The “I just do what I’m told” experience

Empathy. Accountability. Ownership. Three things that are absolutely crucial for the delivery of great customer experiences. More than that, they should be core to every relationship and everything we do in life. Still, most so-called “Customer Service” people (from senior leadership to front-line agents) gets it wrong.

I bought a flat, in Portugal, and had to contact the utilities company, EDP – Electricity of Portugal, to change the account details (from the previous owner to my name).

The agent I spoke with was really nice and attentive. Told me I had to provide them with document A, and followed up on the call with an email explaining what that document was and where I should send it to.

A few days later I got a call from EDP. An agent told me someone needed to come by to do a (paid) service, due to the lack of documentation. I explained that I had sent it a couple days earlier, via email following instructions provided by her colleague. She wasn’t aware “I’m in a different department and just do what the system tells me to do”.

The day after next, I got another call from EDP. An agent told me someone needed to come by to do a (paid) service, due to the lack of documentation. I explained the same thing. He told me that actually I needed to send document B as well. I wasn’t aware, and asked why wasn’t I informed earlier. “I cannot take responsibility for my colleagues actions. I’m just doing what I have to do”.

The agent also told me that until the process was complete, the system would “flag” every other day and someone would call me, regardless of the case being in progress. “Ok”, I said, “that doesn’t make much sense, but it will only force me to repeat myself to every agent that calls”. I guess that didn’t bother them much.

A couple of days later, after I had sent document B, I got another call from EDP. An agent told me someone needed to come by to do a (paid) service, due to the lack of documentation. I explained the same thing. She told me that actually I needed to send document C as well. I wasn’t aware and said it would be appreciated if they could ask for all documentation at once. “I’m not responsible for what others told you. We are in different teams. I’ve got to do what I’ve got to do”.

I was out, and asked her if she could send me an email explaining in layman’s terms what document C was – as her language was too technical on the phone. The agent replied that she could not send me an email. I asked why. “Not my department”, she said.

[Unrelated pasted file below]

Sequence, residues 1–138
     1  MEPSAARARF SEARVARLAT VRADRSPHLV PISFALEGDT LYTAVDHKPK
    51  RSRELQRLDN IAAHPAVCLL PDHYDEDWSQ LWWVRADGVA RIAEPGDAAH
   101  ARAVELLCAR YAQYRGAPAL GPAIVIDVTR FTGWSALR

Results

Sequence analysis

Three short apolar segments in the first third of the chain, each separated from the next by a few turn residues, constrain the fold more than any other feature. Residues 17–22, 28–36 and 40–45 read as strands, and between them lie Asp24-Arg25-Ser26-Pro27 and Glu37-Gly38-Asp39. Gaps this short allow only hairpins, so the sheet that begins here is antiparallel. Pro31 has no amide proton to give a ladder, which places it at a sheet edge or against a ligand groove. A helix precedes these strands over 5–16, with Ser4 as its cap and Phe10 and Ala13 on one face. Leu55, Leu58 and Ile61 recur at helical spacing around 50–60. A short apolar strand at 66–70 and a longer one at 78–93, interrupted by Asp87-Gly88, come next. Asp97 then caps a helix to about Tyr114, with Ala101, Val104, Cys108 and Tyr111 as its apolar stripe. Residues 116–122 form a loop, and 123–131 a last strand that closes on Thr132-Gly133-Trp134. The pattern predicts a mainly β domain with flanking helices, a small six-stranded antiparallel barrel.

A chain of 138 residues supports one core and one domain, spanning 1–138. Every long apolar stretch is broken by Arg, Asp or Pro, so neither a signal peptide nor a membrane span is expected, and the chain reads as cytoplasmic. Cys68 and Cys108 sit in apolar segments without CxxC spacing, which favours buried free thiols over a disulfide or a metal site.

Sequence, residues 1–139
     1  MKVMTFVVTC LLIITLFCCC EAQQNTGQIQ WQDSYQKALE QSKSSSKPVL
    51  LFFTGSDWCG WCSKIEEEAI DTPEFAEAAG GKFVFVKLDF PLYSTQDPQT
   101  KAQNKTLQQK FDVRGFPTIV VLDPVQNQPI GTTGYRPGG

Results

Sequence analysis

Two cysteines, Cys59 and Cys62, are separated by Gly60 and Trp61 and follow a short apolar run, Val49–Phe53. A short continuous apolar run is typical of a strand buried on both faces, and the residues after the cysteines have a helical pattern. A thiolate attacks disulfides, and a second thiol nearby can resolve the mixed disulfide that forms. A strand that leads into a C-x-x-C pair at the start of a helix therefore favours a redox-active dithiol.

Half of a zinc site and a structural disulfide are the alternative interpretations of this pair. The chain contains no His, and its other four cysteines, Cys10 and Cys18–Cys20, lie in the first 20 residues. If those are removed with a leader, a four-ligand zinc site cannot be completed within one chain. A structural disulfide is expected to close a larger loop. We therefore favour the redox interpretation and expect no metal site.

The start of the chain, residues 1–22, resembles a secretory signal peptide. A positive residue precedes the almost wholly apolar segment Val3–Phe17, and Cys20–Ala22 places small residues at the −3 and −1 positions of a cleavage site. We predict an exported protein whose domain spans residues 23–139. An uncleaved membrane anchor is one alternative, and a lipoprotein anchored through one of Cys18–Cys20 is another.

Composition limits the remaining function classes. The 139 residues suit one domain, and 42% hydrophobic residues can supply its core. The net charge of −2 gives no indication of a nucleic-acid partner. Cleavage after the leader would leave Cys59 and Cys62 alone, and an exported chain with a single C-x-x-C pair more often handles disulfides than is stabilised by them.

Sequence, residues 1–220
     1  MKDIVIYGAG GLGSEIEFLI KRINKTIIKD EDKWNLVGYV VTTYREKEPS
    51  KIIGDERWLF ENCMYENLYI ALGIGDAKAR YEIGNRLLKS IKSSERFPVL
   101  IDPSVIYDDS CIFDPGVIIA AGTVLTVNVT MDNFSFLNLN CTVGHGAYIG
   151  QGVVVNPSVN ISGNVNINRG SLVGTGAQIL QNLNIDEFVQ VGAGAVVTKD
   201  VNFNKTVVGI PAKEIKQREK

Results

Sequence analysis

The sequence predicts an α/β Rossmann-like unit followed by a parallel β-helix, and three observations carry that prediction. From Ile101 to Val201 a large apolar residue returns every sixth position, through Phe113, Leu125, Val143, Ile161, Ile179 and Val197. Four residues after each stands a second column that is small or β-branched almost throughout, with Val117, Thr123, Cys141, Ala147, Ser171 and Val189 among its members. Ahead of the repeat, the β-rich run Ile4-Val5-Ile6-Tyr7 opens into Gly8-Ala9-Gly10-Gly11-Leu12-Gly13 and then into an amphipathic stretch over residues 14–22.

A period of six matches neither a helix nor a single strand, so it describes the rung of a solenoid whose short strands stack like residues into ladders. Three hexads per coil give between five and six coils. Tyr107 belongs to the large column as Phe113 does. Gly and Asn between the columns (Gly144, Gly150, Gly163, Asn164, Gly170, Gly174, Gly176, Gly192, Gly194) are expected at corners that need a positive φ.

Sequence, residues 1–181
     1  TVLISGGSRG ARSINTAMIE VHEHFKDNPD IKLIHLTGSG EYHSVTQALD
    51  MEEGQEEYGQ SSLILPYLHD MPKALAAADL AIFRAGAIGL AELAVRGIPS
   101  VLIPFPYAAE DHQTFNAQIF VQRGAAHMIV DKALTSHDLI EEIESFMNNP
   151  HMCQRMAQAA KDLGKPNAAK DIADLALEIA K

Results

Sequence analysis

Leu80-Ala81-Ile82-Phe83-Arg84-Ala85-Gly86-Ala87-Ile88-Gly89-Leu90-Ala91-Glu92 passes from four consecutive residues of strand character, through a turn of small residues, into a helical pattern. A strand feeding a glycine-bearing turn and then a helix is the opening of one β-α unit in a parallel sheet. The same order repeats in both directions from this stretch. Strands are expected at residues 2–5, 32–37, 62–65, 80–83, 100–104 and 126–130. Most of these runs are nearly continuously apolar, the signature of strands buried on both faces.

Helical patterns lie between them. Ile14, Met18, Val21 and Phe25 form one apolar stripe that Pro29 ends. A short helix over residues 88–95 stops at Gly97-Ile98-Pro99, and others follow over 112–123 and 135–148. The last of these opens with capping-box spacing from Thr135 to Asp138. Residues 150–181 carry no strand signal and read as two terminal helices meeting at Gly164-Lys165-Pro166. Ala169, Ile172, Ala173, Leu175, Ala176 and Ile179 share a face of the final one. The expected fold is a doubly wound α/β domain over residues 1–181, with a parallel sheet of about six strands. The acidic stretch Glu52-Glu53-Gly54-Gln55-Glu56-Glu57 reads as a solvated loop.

I asked her if she could please send an internal note asking for the relevant department to send me an email. “I can give you their phone number, and you can call to ask them to send you an email”. I was flabbergasted. Asked her if she thought that made sense. “It’s not my responsibility, I just do what I’m told”, she said.

At this point I started telling the agent that, from a customer experience point of view, this wasn’t good, and that… she interrupted me “I’m sorry sir, that is not relevant. Consider yourself warned, on this call, that we called you to ask for document C. Is there anything else I can do for you today?”

That’s all”, I said, “I don’t think you can help me with anything else. At least not today. Maybe one day”.

Guest Post, by Stephanie Thum, CCXP

Back Up Your CX Leadership Strategies with Data from These Five Academic Studies

“Expert” opinions from blogs, books, and podcasts are great. But there is just something about being able to build on what you believe to be true by leaning on data from published academic research. In the customer experience profession, we now have the benefit of hundreds of published academic studies that apply to our world. I recently began integrating more scholarly readings on customer experience into my work. Here are my top five favorites from recent months. Side benefit: they are all free to access! See if you think they might be worth putting on your reading list.

  1. A Phenomenological Study of Customer Disvalue

If good experiences equal customer value, then how do we start to understand negative customer experiences and the reverse phenomenon—customer disvalue? Disvalue is a separate, deeper phenomenon than customer dissatisfaction. Disvalue is about the lasting impressions customers have of doing business with a company that just really lets them down. This study describes disvalue phenomena and hints at how customers might deal with the situation, including protests, revenge, and telling others about their experience. (Free.)

Source: The Iranian Journal of Management Studies, Volume 13, No. 3, Summer 2020, pages 367-390.

  1. Narcissism, interactivity, community, and online revenge behavior: The moderating role of social presence among Jordanian consumers

This study is a good companion read to study on customer disvalue mentioned above. Researchers found that customers’ personal levels of narcissism and their social media participation and presence increased their intentions and desire to enact revenge on a brand after a bad experience. The key takeaway: customers can get pretty cranky no matter how hard you try. Companies need to be aware of and prepared for the pitfalls of perceived poor customer experiences. (Free.)